By Jane Smith
Delray Beach commissioners decided unanimously June 16 to rehire the previous internal auditor on an as-needed basis.
Julia Davidyan, who resigned in January, will be paid $160 an hour and junior accountants in her firm, JMD Premier Group Inc., will receive $80 an hour.
City voters overwhelmingly said in a March 2016 referendum they wanted an internal auditor. It took more than two years for the city to hire one. The internal auditor reports directly to the commission, as do the city manager and city attorney.
Davidyan played a lead role when her investigation found the prior city manager had engaged in “unprofessional and arguably unethical” actions. She testified at a special commission meeting held March 1, 2019, that led to the firing of Mark Lauzier.
But in early June, two city commissioners did not think Delray Beach needed an internal auditor. Vice Mayor Ryan Boylston and Commissioner Adam Frankel wanted to have a workshop to discuss the need for one.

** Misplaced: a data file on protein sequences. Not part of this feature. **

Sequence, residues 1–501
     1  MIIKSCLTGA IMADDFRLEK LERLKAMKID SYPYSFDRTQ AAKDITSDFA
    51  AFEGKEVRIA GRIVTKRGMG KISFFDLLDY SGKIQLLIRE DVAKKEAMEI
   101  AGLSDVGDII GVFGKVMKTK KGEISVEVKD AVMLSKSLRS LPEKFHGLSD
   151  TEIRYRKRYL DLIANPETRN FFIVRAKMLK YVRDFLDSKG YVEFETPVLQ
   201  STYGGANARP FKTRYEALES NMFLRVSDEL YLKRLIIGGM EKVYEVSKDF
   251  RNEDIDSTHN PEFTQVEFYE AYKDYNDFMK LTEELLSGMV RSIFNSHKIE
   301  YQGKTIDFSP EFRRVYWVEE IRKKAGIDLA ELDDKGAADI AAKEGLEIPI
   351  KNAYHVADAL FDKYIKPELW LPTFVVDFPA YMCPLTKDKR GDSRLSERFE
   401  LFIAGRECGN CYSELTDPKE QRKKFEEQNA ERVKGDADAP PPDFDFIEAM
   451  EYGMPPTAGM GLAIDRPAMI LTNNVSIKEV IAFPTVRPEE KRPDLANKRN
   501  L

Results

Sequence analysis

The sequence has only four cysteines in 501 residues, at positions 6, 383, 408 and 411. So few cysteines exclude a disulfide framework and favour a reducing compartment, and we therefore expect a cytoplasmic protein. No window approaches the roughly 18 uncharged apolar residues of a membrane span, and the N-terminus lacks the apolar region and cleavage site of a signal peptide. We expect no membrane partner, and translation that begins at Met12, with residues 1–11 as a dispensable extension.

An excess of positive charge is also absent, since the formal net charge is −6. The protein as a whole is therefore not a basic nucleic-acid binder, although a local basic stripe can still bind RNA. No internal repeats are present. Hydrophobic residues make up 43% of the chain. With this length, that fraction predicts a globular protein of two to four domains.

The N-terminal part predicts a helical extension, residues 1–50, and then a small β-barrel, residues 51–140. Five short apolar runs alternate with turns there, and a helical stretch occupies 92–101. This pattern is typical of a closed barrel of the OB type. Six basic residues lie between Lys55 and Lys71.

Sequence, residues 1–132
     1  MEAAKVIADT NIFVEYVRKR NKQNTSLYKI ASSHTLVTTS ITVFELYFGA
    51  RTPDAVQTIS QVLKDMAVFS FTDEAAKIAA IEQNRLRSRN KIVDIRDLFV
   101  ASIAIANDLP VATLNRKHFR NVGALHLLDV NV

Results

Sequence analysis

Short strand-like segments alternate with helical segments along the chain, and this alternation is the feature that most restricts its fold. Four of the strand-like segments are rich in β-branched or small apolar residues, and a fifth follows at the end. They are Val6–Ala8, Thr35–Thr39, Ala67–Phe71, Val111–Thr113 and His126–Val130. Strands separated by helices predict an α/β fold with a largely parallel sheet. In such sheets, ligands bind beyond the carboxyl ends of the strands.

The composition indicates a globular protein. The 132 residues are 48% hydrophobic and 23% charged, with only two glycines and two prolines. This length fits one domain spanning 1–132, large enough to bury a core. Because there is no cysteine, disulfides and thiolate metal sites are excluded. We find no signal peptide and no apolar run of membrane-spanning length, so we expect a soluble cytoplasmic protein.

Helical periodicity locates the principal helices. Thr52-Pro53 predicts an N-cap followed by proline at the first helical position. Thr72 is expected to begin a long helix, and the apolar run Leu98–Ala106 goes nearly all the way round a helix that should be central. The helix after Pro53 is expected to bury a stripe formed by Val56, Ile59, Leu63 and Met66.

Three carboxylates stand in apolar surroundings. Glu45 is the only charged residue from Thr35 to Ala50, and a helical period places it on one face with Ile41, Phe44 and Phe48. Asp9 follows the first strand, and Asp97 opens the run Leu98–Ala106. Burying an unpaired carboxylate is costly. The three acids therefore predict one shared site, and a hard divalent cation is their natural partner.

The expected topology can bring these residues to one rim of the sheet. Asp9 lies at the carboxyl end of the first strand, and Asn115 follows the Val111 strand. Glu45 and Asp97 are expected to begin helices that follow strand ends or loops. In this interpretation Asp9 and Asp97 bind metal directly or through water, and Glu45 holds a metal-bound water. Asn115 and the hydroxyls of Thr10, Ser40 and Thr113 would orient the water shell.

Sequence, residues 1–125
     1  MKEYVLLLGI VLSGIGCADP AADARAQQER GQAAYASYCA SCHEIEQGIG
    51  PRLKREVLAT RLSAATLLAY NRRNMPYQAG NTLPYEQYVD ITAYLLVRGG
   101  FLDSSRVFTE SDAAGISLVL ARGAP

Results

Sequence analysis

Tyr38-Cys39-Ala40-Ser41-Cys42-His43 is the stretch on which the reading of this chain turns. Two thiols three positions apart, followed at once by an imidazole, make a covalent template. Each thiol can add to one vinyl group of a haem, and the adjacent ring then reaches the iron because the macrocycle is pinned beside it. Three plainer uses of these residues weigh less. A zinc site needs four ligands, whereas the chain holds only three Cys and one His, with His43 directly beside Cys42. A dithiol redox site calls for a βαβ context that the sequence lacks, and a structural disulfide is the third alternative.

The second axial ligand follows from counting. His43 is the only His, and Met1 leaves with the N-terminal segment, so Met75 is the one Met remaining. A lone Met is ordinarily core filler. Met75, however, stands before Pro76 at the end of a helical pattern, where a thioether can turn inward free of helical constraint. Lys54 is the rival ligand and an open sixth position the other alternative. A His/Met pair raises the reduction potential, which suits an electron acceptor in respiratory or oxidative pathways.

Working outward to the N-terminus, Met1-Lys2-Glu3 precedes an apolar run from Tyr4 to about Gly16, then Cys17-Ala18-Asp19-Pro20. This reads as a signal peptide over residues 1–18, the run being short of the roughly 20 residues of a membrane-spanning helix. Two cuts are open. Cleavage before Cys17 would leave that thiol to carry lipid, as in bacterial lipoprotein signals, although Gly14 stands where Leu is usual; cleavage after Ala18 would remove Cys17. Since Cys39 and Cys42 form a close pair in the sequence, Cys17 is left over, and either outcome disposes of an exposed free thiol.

“We have a new city manager who is getting his team in place, then we were hit by the pandemic,” Boylston said at the June 2 meeting.
But Commissioner Juli Casale wanted to move forward.
Davidyan’s “audit plan for fiscal year 2019 found we were high risk in four areas: information technology, finance, purchasing, and parks and recreation,” Casale said June 2. “Everyone will know what she is doing.”
The June 2 vote was split, 3-2, with Boylston and Frankel voting no.
Then-City Manager George Gretsas entered the fray when he met individually with commissioners to try to convince them an internal auditor was not needed.
The main reason, according to his PowerPoint, was that city department heads had at most three years’ experience in their positions.
On two slides, he questioned whether the internal auditor was “an in-house assassin.”